Friday, December 16, 2005

A note on flu shots

Posted by Craig Westover | 9:42 AM |  

The availability problems mentioned in the article relate to the Miami area. The other information is right on the mark. Note, that the author is NOT anti-vaccine and NOT recommending that people forego flu shots.

Mercury-free flu shots are now available for children
RICHARD HARKNESS Knight Ridder Newspapers

A recent letter-to-the-editor in the Washington Times said that a 6-month-old baby getting a flu shot would be receiving 12.5 mcg of mercury. Is this true?

The heavy metal mercury is neurotoxic at certain levels. Some kids may have an inborn vulnerability to mercury toxicity.

What the letter-writer said would be true only if the baby received the flu shot from the multi-dose vial, which contains thimerosal, an ethylmercury-based preservative.

In this case, the pediatric dose (0.25 ml) would contain 12.5 mcg of mercury and the adult dose (0.5 ml) would contain 25 mcg of mercury.

However, Sanofi-Aventis makes a mercury-free version of its Fluzone, the most commonly used flu vaccine in the U.S. It comes in single-use, prefilled syringes in either the pediatric dose (for those 6-35 months old) or the adult dose (for adults and children 3 years and older).

But there may be a potential catch with the pediatric dose. A source informs me that the parent or caregiver may need to specifically request the mercury-free vaccine. If not, the shot-giver may draw the dose from the aforementioned multi-dose vial instead of using the pediatric prefilled syringe.

The solution is to request the mercury-free vaccine, specifically the pediatric-dose prefilled syringe (it has a pink plunger rod). (Don't assume your shot-giver is informed about the mercury content of the vaccines. Mine was under the mistaken impression that this season's multi-dose vial was mercury-free.)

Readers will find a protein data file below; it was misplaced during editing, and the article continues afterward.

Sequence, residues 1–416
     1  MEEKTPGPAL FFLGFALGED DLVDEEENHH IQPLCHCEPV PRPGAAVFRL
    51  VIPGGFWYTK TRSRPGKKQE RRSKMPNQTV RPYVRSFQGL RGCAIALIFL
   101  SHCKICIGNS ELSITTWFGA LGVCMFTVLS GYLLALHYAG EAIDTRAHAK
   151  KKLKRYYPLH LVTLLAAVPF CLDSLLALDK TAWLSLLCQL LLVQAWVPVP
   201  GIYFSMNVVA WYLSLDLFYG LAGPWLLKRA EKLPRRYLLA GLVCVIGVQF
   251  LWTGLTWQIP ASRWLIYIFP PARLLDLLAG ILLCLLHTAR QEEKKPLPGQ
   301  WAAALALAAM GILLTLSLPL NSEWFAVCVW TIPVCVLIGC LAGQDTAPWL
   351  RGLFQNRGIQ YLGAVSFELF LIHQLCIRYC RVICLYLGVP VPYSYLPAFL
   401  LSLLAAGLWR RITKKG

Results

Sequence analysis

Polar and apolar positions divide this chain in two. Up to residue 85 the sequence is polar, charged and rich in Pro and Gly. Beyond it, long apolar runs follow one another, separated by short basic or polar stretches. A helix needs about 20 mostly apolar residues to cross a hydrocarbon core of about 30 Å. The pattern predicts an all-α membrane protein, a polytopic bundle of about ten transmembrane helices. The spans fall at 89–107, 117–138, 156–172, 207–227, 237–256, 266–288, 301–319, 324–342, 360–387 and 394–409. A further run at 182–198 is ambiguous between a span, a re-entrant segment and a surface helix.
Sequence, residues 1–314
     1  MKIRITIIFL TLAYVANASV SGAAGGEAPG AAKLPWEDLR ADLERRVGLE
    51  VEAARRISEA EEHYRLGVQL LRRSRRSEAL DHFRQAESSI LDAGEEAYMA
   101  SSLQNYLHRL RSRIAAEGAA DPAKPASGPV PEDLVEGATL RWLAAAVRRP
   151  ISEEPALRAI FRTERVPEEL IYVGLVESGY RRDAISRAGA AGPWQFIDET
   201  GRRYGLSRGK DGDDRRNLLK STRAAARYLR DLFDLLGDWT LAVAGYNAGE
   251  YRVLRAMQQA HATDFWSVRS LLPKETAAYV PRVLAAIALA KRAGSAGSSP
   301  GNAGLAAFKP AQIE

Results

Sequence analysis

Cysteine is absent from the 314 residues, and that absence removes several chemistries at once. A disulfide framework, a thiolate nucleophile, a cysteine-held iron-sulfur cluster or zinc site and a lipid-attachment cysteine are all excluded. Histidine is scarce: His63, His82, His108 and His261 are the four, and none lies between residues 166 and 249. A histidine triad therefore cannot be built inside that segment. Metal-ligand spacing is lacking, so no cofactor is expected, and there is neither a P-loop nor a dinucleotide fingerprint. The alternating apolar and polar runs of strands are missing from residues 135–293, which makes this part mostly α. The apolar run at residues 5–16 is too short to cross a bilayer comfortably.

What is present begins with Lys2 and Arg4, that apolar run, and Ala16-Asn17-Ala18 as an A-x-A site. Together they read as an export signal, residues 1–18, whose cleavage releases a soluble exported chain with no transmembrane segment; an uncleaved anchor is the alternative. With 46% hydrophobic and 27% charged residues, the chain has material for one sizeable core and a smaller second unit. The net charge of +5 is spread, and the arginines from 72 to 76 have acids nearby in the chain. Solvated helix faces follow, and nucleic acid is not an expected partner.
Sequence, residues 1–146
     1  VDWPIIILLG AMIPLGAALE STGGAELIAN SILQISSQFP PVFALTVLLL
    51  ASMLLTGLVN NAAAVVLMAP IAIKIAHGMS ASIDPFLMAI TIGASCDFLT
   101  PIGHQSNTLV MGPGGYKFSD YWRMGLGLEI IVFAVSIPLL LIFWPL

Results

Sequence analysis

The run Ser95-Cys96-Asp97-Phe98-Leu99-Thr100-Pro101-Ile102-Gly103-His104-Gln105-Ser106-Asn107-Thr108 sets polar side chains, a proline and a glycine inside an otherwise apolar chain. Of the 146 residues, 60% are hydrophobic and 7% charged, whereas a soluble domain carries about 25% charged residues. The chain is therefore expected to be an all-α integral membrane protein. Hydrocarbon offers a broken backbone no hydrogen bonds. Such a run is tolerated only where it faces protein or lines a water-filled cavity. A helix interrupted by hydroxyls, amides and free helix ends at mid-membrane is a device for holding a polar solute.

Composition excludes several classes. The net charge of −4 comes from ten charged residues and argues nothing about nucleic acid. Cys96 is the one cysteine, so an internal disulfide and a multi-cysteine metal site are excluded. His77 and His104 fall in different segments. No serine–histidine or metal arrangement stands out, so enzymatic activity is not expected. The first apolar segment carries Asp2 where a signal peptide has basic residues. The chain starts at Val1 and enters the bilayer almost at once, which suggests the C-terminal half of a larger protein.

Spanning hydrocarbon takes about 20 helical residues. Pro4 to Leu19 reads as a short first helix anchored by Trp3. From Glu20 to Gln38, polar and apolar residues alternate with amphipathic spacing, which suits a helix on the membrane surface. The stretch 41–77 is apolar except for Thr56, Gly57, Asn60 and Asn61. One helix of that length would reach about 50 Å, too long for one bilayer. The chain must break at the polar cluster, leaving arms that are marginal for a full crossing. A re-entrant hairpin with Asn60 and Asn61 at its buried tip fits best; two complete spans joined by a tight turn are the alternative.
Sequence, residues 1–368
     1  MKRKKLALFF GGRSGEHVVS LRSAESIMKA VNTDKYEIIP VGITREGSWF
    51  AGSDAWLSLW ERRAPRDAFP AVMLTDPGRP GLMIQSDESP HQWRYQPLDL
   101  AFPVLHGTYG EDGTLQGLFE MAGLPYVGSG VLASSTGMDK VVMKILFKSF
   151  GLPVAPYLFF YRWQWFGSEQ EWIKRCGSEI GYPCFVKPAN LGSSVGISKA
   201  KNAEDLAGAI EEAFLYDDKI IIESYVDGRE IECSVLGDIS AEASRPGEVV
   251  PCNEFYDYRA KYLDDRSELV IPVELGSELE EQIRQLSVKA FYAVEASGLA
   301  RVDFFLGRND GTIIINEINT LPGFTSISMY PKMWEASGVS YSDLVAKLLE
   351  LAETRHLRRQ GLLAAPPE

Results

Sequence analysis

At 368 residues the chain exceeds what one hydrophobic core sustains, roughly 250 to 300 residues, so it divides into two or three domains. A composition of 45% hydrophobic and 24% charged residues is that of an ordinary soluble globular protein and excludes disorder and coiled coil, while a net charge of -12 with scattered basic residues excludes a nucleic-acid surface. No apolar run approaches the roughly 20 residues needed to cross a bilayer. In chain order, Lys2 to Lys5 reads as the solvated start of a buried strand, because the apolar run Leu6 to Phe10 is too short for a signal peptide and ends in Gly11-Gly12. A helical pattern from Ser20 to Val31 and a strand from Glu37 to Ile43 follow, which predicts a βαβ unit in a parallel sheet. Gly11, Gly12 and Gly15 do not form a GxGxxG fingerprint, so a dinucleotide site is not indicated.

Though the pediatric prefilled syringe seems to be readily available, readers say they're having trouble finding the mercury-free adult-dose prefilled syringe.

Apparently, many providers, including county health departments, do not have these on hand. One pregnant woman said it took her four days to locate a provider who did.

Chiron and GlaxoSmithKline make adult-dose prefilled syringes with only a trace amount of mercury (Fluvirin, Fluarix), but these vaccines also seem to be out of the loop.

It might be just a temporary shortage problem. However, if these adult-dose prefilled syringes are available, providers ought to be stocking them as an option for those concerned about mercury.

In the meantime, a mercury-free workaround might be to administer two pediatric-dose prefilled syringes. That's equivalent to one adult dose. The flu season typically peaks in February and March, so there's still time get vaccinated.

Category: Thimerosal, Vaccines